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without his Directions. than with them. Upon this State of the Case then, a Revelation must be entirely rejected as a Forgery, or entirely submitted to ; and the only Debate between Natural Religion and Revelation must be, whether we really have a Revelation, or no; and not whether Revelation or Naturebe, in the nature of Things, the best and surest Foundation of Religion: Which Dispute but ill becomes our Condition, and i-s a vain Attempt to exalt ourselves and our
own Reason ahove every Thing that is called'
given, to take Men out of that State in which God originally designed to place them.
This is the Sum of the Argument against Revelation a priori : To consider it particularly will take more Time thanx can be allowed : But in brief we may observe,
I. That to argue, from the Perfection of human Reason, that we are discharged from receiving any new Laws from God, is inconsistent with as clear a Principle of Reason as any whatever, and which necessarily arises from the Relation between God and Man; which is, That the Creature is bound to obey the Creator, in which Way soever his Will is made known to him: And this surely is true with respect to the highest Order of Bein'gs, as well as to the lowest; for this Plea, now made for human Reason, would be presumptuous in the Mouth of an Angel, and inconfistent with the Subjection he owcs to God.
2. As to the Perfection of human Reason, it cannot be, nor, I suppose, will it be maintained, that human Reason is absolutely perfect; and therefore the Meaning must be, that Reason is relatively perfect, considered as the Rule of our Obedience. But this is true only upon Suppofition that Reason is the only Rule of our Obedience ; for, if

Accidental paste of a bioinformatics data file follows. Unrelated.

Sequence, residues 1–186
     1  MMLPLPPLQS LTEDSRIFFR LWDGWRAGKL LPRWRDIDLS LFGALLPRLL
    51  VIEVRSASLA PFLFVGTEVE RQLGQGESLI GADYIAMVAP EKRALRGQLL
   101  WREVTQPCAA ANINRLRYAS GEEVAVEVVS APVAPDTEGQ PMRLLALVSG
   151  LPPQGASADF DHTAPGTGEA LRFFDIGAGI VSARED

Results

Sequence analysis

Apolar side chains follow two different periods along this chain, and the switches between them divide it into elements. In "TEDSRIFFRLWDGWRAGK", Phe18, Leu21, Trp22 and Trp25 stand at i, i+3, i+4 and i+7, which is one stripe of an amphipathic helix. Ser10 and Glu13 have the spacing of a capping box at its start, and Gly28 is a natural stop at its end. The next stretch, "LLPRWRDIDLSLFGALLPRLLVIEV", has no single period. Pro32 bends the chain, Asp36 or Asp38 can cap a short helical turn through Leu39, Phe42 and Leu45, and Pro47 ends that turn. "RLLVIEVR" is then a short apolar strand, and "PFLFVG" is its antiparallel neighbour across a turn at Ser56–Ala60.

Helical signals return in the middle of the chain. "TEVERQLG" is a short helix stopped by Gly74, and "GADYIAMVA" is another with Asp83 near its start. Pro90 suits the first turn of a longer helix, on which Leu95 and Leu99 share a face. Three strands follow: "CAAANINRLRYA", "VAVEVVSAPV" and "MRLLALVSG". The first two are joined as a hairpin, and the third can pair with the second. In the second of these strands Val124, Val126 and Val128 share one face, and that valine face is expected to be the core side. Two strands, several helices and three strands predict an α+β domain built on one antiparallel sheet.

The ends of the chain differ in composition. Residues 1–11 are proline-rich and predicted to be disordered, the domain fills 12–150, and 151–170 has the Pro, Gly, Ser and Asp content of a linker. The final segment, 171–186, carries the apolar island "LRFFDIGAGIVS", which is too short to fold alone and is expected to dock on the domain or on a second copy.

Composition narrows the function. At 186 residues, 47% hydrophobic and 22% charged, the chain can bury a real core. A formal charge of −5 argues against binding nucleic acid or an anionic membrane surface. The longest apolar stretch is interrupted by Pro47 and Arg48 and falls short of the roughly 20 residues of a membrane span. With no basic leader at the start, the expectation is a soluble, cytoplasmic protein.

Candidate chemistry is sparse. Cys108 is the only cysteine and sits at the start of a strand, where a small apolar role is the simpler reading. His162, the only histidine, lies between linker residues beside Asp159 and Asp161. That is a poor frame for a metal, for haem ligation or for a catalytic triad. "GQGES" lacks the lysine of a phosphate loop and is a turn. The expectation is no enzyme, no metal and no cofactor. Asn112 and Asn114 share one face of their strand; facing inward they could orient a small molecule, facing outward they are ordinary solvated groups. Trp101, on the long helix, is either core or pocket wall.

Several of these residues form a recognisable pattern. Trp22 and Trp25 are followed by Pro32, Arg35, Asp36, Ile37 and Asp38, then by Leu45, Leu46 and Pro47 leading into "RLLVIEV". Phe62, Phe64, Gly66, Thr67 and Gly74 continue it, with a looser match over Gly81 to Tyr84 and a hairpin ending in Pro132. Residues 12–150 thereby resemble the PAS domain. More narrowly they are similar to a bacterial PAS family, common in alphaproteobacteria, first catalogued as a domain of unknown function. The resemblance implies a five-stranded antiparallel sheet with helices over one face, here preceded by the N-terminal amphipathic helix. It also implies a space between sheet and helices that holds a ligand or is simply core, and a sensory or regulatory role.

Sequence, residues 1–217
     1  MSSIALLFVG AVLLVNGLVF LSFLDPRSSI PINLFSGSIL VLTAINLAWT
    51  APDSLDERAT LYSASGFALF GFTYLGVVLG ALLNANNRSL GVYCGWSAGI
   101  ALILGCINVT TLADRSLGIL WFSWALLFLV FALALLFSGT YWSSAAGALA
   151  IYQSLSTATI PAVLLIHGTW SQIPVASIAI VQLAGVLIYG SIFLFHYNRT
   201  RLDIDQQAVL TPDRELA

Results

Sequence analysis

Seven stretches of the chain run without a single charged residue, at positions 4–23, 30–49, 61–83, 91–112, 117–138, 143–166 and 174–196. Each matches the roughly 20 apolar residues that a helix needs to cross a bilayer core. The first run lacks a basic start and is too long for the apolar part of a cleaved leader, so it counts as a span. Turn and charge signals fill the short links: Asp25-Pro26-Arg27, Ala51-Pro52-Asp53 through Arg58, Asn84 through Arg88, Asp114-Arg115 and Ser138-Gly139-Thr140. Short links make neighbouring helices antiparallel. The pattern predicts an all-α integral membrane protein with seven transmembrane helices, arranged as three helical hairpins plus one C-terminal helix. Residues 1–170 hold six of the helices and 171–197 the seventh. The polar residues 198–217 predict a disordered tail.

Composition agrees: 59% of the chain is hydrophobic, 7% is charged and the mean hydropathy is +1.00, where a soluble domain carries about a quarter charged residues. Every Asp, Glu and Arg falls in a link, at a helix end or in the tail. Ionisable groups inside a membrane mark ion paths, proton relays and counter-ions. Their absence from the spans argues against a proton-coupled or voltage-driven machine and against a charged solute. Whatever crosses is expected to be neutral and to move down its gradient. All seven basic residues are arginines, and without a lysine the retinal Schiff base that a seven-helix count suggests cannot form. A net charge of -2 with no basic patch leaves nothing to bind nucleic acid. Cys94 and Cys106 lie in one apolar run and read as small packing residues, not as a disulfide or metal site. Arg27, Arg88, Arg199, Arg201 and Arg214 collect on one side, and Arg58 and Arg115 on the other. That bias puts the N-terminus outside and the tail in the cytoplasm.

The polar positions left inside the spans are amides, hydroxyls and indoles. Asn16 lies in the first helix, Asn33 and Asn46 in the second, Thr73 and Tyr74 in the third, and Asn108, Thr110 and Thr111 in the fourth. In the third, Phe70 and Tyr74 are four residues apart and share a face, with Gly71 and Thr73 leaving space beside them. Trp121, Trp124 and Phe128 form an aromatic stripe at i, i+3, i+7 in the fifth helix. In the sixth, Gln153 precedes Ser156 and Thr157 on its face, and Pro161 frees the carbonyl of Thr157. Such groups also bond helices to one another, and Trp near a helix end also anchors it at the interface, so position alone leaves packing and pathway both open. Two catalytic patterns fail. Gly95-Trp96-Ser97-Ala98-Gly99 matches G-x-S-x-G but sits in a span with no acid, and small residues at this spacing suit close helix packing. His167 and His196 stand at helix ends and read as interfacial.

- ' there there be any other Rule besides, mere Reason can not be the perfect Rule of our Obedience : And therefore this Argument is really begging the Thing in question; for it supposes there is no other Rule but Reason, which is the Thing not to be supposed, but to be proved. As much may be said for every Law, as is said in this Case for human Reason : Every Law, being the only Law in the Case, _ is a perfect Rule for the Subject's Obedience, because the Subject is bound to no more than the Law requires: But, if the Law be amended and enlarged by the same Authority that made it, it is no longer a perfect Rule of Obedience ; but, to make it such, it must be taken jointly with the Corrections and Enlargements made by the proper Authority.
3. Hence it follows, That to alter or add to a Law once considered as a perfect Rule of Obedience, when an Alteration of CirCumstances requires it, is neither useless nor impertinent, but oftentimes the Effect of Wisdom and Necefiity.
4. To say that Revelation is unnecessary, because Reason is a perfect Rule, and at the same time to affirm that those who have but an imperfect Use of Reason have no Need of Revelation, is a manifest Contradiction; To say farther, that those who are
m in such a State that actually they do not obey the Laws of Reason, and, ' morally speaking, cannot obey, are nevertheless in such a State as God intended they should * be in, is not only making God the Author of Evil, but it is ascribing to him two inconfistent Intentions : For to argue that God gave Men Reason to be the Rule of their Obedience, is supposing that his original Iniention is, that Men should obey Reason; to argue at the same time that those who live in Disobedience 'to this Law are in the State which God intended them to be in, is to suppose that God intended the Law should be obeyed, and not obeyed, at the same time. But to return: